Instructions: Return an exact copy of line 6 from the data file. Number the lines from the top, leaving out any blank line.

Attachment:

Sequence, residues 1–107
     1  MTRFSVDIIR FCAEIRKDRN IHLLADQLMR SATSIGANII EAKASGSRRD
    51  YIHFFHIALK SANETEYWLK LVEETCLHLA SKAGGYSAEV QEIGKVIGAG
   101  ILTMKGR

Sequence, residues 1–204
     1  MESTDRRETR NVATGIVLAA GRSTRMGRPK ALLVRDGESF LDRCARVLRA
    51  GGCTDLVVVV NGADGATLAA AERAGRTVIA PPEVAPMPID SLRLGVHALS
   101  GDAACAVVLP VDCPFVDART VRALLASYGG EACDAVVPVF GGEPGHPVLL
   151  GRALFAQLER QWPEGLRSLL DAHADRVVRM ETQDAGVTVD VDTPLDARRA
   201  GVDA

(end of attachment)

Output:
     1  MESTDRRETR NVATGIVLAA GRSTRMGRPK ALLVRDGESF LDRCARVLRA